This story provides great insight into the daily life of a dog handler deployed!
4th Brigade Combat Team, 1st Infantry Division
By 1st Lt. Jay Mohr
PAKTIKA PROVINCE, Afghanistan – Deployments to Afghanistan force many soldiers out of their comfort zones. For many, it is the addition of stress caused by being in a combat zone. For others, it has to do with learning a completely different set of skills than the Army has prepared them for.
This is true for Staff Sgt. Shawn Martinez, who has previously trained as a howitzer section chief. On his current deployment, Martinez serves as a tactical explosive detection dog handler for Forward Support Company G, 2nd Battalion, 32nd Field Artillery, 4th Infantry Brigade Combat Team, 1st Infantry Division.
Martinez last served on the gun line for Battery A, 2-32 Field Artillery until he was sent to the dog handler’s course to be trained as a TEDD handler. After completing 14 total weeks of training, he was put to work immediately in Afghanistan. He would not be going alone though, as he would be deploying with his new partner, Bono. Bono is a 4-year-old male German shepherd trained to detect explosive substances in a combat environment.
“The training was much different than what I was used to. The biggest thing I took out of it was the need for constant professionalism. Bono was not given to me to be a pet that I could play with,” said Martinez. “He is a living creature, but also an important tool that the Army uses to find explosives.”
On a daily basis, Martinez and Bono perform a variety of tasks to protect the average war fighter. Bono is specifically trained to detect explosives and lead dismounted elements through various kinds of terrain safely, but each day is a new challenge for him.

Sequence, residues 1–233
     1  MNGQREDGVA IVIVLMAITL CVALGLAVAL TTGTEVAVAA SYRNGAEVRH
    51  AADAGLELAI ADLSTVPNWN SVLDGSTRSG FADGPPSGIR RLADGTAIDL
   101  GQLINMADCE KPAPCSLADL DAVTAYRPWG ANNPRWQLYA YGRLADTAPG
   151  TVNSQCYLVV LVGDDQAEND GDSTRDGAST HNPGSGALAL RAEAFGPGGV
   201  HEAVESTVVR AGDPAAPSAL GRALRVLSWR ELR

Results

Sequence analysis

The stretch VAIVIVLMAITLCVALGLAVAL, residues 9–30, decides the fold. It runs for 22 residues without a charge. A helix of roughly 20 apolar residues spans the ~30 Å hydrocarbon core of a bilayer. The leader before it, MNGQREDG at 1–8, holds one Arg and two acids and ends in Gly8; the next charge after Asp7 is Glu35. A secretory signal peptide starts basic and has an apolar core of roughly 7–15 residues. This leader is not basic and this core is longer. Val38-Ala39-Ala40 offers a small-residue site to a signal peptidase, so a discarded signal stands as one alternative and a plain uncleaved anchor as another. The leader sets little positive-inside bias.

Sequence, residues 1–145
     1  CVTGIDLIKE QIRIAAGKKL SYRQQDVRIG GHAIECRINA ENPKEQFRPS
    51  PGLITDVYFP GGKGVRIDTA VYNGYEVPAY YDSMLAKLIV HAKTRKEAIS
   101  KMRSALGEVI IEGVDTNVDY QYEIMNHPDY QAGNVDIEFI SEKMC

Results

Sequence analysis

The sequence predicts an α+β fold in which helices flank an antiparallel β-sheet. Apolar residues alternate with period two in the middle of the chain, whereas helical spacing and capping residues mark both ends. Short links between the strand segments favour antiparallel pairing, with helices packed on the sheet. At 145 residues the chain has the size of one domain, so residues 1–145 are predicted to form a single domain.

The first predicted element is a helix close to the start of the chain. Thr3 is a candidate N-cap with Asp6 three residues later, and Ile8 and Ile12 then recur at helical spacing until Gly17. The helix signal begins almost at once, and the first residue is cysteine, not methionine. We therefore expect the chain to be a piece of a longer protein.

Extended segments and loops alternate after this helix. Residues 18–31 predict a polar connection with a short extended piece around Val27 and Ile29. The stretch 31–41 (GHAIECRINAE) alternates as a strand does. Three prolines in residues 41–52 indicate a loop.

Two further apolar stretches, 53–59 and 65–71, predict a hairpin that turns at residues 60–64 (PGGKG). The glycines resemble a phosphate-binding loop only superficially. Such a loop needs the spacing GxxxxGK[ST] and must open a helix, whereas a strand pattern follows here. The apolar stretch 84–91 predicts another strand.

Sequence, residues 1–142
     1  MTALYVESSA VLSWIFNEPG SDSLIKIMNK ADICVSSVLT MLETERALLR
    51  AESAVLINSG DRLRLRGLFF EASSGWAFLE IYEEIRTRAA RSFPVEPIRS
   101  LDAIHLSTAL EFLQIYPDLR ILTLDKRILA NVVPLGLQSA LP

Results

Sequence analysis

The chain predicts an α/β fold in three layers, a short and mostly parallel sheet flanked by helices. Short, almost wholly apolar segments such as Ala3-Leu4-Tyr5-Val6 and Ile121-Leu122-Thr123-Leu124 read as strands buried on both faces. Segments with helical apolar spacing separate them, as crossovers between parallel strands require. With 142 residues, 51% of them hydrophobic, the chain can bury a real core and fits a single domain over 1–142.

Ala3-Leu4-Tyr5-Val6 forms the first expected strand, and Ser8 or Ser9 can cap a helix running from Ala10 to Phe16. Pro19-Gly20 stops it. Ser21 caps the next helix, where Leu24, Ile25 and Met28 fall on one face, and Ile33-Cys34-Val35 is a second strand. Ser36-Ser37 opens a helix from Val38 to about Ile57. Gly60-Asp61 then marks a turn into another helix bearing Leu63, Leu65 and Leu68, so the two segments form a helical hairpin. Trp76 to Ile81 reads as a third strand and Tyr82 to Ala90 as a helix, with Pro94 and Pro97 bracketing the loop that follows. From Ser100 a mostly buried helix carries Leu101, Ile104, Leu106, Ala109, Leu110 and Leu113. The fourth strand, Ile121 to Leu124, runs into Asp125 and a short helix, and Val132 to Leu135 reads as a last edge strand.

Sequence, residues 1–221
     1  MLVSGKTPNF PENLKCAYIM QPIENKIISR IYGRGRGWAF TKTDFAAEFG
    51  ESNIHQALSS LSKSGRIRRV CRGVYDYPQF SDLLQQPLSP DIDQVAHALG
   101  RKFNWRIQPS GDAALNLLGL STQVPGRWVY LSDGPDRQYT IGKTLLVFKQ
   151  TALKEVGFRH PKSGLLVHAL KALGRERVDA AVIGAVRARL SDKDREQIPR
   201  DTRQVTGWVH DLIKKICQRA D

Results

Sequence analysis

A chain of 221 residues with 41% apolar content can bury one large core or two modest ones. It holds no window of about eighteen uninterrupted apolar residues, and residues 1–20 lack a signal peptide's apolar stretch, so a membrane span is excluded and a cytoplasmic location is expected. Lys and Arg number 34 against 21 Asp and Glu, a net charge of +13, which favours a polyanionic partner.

When they are not needed for a patrol or other type of mission, these two partners spend several days checking vehicles coming through Forward Operating Base Sharana’s entry control point for traces of explosives. If any vehicle carrying explosives were to get past these two, it could spell disaster for everyone on FOB Sharana.
“Every day we are on our toes. I know that Bono is important to the mission here. He helps make sure that soldiers don’t walk into an IED, and because of that, he helps soldiers return home to their families,” Martinez said.
So far this deployment, Martinez and Bono have conducted numerous missions outside the wire. The pair has searched fields, creeks, houses, villages and the like alongside units including the Polish Army, U.S. special forces and the 82nd Airborne Division.
Being a dog handler is not all fun and games during the off time. Being responsible for a military working dog is a 24-hour job and has its own unique set of challenges.
“Having a dog as a partner requires you to think differently. Every day you have to make sure that you are ready for each mission and that the dog is ready. The two of us are the most effective when we are the same page,” said Martinez.
The grooming and health standards for a military working dog are also much higher than that of your average canine. Bono undergoes unique health checks every morning and is groomed from head to toe every evening. Regular training is a must for Bono in order to maintain the dog’s keen odor sense and to avoid complacency.
Despite being tasked with this extraordinary job, the two enjoy every minute of it. They play an important part in the safety, security and well-being of those in their care.
“Bono is a priceless asset to the fight against IEDs [and he] gives U.S soldiers an unmatched capability in detecting explosives out on the front lines and keeping soldiers safe,” said Martinez.
Man has yet to create a mobile device as effective as the Army’s canine partners in Afghanistan, and Martinez and Bono are a true testament that wars are won by the men, women and dogs on the ground
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